As it turns out, one of the big communication problems that have plagued the doorhanger accessibility story is the fact that some use cases may have been info bar interactions rather than door hangers, since these act totally the same for screen reader users. They're both alert panels with text and buttons, and the only difference is visual, and some persistence that is with the info bar, but not the door hangers. The latter go away more easily. I was not aware of these two different widgets until today. To my perception, being totally blind, I was always dealing with the same widget type. To make it clear for screen reader users whether they're dealing with an information bar or a door hanger prompt, a label must be given to the panel (the same spot where the role "alert" and the aria-describedby is set) that labels these. Localizable strings should be added like: Information for information bars Question for door hangers Or some more appropriate strings.
Using labels to communicate semantic information like this is never ideal. The fact that there is a semantic difference here suggests we might need new roles. I'm not sure i follow what the difference is with regard to user interaction. Doorhangers disappear more easily, but what does this actually mean for the user? To put it another way, how would communicating this distinction help the user?
Jamie, once bug 990045 is fixed, doorhangers would always be reachable via F6 and shift+f6, while info bars are never reachable via f6, but are following in the tab order after the top right search field. Moreover, the info bars stay until you explicitly close them, doorhangers can disappear if you ignore them long enough. A mouse user, for example, dismisses a doorhanger by clicking inside the document. Actions like activating links would dismiss doorhangers, too.
4 years ago
Depends on: 1097629
Marco, can you clarify what we want to achieve here? Semantically, doorhangers and notification bars provide roughly the same information/interaction possibilities: you get a message, and a primary action and potentially secondary actions, and a close button. The difference, as comment #1 and comment #2 suggest, is mostly about how they are currently keyboard-reachable and whether they collapse (visually) easily or not. I'm not sure if/how these need to be distinguished because of these two differences. We could: - make F6 include notification bars - give them different roles if there are appropriate roles (comment #1 suggests there might not be?) - use something like aria-live to ensure that the collapsing of the doorhanger (or the appearing of the notification bar) be more obvious - ... something else? At the moment I'm not clear what the desired approach is here, and what our options are accessibility-API-wise.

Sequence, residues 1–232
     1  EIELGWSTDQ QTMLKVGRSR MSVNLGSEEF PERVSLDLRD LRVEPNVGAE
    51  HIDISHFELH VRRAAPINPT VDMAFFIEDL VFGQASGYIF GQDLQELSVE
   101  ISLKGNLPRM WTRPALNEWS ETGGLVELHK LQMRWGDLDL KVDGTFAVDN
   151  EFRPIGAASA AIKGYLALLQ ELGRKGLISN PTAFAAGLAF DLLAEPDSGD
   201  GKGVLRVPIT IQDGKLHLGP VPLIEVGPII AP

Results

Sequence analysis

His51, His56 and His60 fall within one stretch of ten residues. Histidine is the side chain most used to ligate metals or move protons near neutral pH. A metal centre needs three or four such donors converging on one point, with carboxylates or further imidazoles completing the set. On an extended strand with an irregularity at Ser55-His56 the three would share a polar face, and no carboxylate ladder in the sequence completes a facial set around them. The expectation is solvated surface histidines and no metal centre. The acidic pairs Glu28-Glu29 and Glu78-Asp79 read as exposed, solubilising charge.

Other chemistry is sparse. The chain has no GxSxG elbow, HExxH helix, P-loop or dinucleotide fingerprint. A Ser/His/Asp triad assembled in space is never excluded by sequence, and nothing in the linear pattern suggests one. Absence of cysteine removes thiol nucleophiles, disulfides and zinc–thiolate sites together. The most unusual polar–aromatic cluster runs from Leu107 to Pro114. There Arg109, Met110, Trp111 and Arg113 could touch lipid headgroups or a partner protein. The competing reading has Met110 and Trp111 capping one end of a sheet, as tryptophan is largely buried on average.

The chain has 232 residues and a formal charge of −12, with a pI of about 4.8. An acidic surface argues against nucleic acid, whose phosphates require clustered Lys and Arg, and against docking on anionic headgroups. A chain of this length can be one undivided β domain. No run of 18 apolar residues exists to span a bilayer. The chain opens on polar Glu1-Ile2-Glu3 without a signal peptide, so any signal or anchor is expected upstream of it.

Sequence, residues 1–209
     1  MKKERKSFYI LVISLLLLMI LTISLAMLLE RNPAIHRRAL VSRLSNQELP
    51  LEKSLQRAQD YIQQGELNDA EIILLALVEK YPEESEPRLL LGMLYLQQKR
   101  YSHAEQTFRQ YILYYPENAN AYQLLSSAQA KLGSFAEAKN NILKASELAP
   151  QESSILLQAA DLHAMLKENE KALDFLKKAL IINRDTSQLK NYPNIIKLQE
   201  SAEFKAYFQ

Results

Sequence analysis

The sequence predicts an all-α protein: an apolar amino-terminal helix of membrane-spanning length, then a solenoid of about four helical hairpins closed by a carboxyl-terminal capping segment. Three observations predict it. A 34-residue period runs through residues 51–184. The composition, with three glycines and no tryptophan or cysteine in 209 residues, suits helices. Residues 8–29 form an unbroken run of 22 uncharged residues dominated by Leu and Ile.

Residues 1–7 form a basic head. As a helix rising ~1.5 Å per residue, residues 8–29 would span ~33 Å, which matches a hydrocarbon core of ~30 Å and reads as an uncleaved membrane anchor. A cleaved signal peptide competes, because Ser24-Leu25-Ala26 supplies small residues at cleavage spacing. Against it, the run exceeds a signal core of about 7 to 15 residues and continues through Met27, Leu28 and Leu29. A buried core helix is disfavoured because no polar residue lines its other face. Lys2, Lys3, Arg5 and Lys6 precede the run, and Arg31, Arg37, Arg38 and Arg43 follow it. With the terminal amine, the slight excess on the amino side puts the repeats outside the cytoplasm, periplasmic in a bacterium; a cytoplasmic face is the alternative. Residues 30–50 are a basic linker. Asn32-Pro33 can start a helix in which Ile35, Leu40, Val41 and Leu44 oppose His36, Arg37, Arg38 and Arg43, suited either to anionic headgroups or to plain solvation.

The most irritating thing for users is that some of these things disappear at seemingly random intervals, others don't. Even I am not clear when some of these disappear exactly, for example. So the most important thing would be to indicate that these are no longer there. They have a role of "lert", which implies an aria-live of "assertive", so they get spoken as soon as they appear. Making the info bars F6 reachable seems like a good idea in any case. I am not sure if we can actually use live regions for something that disappears. Unless we add a hidden live region object that says "Infobar closed" or "alert closed" or something to that effect. But I believe text/object removals are not well supported in most assistive technologies, even though theoretically they are part of the live region spec.
Marco, thanks, that's already super helpful. It sounds like we should improve the focus situation for notification bars, and fix notifications for "this thing just went away". If it helps, notification bars go away "randomly" for sighted users as well - they can be defined as going away after a timeout of N seconds, or after you navigate away from the page. So I'm not sure how well we can define *why* they go away in whatever kind of notification we come up with. I think for sighted users it's usually either obvious or ephemeral (as in, same kind of persistency as OS X desktop notifications, ie they show you a message, and disappear after 'some time'). Do the latter kind maybe need a different role? Jamie, can you comment as to how we can reliably indicate to screenreaders/AT that "this thing just went away"?
Screen readers don't often notify about objects which disappear (in a live region or otherwise) because it can be very annoying for the user and there isn't a nice, generic way to report this fact. That said, when the accessible disappears, Gecko should fire a hide event anyway, so I suppose screen readers *could* choose to report this if they wanted to. Once these notifications stay around for longer/are more predictable/are consistently focusable, notifying about their disappearance becomes less important anyway. So, in short, I don't think you should do anything specific. :)
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